Standing Desk Competitive Landscape

Standing Desk Competitive Landscape

Posted by Yvonne Hung on

Have you noticed that most electric standing desks basically look and function the same, regardless of brand or cost? They’re essentially a board over two metal T-shaped telescope legs.

When COVID started, we searched for a standing desk that could dual-function as a dining table, since we turned our kitchen into our workspace. Needless to say, we couldn’t find one that was available for online purchase, that wasn’t sterile-looking with cables hanging beheath, and that was sturdy enough to use as a dining table. Also, few had drawers. So we designed our own, first the Eat-Work Table, then the Desk when friends asked for it.

We’d like to share some of our research on the standing desk competitive landscape from the early days of our design process. 

We constrained our data in two ways:

  1. We only considered height-adjustable desks that have the flexibility to change heights at users’ will. This excludes tables that are semi-permanent and require the user to manually move the tabletop to another height (eg. CNC-made desks). It also excludes counter-height tables. According to ergonomic experts, it’s important for the body to switch between sitting and standing throughout the day, and not just stand.

  2. We only considered electric standing desks, not ones with hand-cranks or pneumatic lifts because we found that manufacturers are not interested in producing those options for lack of popularity and challenging mechanisms.

We gathered as many standing desks as we could find and evaluated each based on the following information we could find online:

  • Price
  • Features and functionality
  • Stability
  • Warranty
  • Manufacturer
  • Noise level
  • Availability: office vs home (where “home” is available for consumer purchase, and “contract” is for commercial only)

For simplicity’s sake, we will take a look at two variables that impact WFH folks the most: price and usage.

Below is a non-exhaustive sample of standing desks we found, loosely ordered by price, and labeled H for home, and C for contract (commercial).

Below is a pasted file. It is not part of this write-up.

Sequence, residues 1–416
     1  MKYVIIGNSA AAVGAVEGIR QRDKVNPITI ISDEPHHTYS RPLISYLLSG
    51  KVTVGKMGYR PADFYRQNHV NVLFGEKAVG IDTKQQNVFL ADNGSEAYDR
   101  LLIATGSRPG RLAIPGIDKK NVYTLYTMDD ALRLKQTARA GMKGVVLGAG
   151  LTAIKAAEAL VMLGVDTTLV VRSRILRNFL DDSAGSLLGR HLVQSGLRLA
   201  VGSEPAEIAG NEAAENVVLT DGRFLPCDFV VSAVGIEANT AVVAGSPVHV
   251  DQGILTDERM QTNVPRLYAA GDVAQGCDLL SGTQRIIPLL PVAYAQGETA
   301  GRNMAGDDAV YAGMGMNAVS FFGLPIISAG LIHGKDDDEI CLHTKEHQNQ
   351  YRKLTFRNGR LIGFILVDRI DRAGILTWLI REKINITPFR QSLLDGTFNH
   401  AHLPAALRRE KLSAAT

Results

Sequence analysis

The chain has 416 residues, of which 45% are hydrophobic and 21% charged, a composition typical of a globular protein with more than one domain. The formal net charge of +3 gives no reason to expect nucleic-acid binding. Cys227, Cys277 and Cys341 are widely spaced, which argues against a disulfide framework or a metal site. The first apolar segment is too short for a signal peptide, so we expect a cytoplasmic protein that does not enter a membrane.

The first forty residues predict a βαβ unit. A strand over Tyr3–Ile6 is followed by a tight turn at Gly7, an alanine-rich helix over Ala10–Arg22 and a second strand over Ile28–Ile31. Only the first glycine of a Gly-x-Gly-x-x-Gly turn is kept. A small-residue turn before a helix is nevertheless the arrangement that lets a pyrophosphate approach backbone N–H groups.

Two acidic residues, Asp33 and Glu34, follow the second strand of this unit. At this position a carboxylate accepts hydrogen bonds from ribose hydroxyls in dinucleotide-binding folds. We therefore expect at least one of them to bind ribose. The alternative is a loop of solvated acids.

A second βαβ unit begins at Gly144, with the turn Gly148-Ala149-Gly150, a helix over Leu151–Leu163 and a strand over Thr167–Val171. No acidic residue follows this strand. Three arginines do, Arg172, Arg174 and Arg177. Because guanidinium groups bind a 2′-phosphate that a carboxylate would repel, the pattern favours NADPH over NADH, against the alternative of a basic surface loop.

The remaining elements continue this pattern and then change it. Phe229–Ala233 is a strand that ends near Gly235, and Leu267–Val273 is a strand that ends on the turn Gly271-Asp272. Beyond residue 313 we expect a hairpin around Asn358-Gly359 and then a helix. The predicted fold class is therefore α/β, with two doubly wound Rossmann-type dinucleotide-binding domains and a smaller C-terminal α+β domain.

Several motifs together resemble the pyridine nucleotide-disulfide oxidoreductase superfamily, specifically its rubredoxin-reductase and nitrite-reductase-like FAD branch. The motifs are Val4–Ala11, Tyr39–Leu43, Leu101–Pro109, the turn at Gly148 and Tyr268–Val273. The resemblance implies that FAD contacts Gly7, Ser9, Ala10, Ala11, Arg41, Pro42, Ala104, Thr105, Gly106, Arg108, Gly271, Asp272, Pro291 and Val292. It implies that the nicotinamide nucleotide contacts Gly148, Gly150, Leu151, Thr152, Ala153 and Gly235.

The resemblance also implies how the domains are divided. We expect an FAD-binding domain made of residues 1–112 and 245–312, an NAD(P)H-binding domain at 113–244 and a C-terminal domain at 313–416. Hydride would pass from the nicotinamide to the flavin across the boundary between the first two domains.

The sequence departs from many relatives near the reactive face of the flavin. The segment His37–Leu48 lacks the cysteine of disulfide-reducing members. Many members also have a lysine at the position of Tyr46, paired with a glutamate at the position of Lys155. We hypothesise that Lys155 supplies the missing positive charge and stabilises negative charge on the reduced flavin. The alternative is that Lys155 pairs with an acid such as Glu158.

Standing desk competitive landscape


As you can see, most standing desks consist of the same two-leg-plus-top design. The tops may vary, but they basically look the same, whether they’re $280 or $2880. The price difference is likely indicative of quality, which covers materials, durability, warranties, stability especially when going up or down, and where they’re made.

The low-end is exclusively for home use, likely because they do not meet contract specifications. Ironically, even though they are intended for home use, they all imitate the standard office standing desk.  Many of these tables are ODM, so you can find the same design under different brand names on Wayfair, Walmart, or Amazon. Except for IKEA’s.

As you get to the mid-range, many of the standing desks are also available as contract furniture as well. Some of the most popular ones are in this category. Again, these all mostly look and function the same. Many may have even used them in the office before COVID WFH.

It’s not until we get into the high-price range that we see alternative options, the more beautiful ones from European designers. However, all seem to be contract furniture, and not directly available online for purchase. In fact, you can’t even see their prices until you send them an inquiry.


In the illustrative diagram above, if we were to put all the data points on a chart (which we didn’t do for lack of time, so we just used blobs), it appears the biggest opportunity would be in the high-end home quadrant. It makes sense, since so many people now work from home due to COVID, but don’t have any options that are beautiful.

The standard standing desk is designed for the office, not for the home. And while the hard edges, cheap materials, utilitarian aesthetic, dangling wires are non-issues in a commercial office, they’re not what we would choose for the home if we had a choice. From a human-centric design perspective, a home workspace should make the user feel both productive and comfortable, not feel like you just placed your office into the sanctuary of your home.  Otelier’s goal is to give users a better option.

Rising above the competition

Otelier Standing Desk White Natural Raised angle

Take a look at the data. Otelier’s tables are the nicest standing desks available for its price range (because we’re taking a very low margin, see blog post on pricing.) Our minimalist design, rounded edges, and fine woodworking add warmth and beauty to the home. Not to mention drawers for storage, built-in cable management, four legs that ensures no shaking, and a maximum load capacity of 550 lbs. Check out our height-adjustable Eat-Work Table and Desk to see for yourself.

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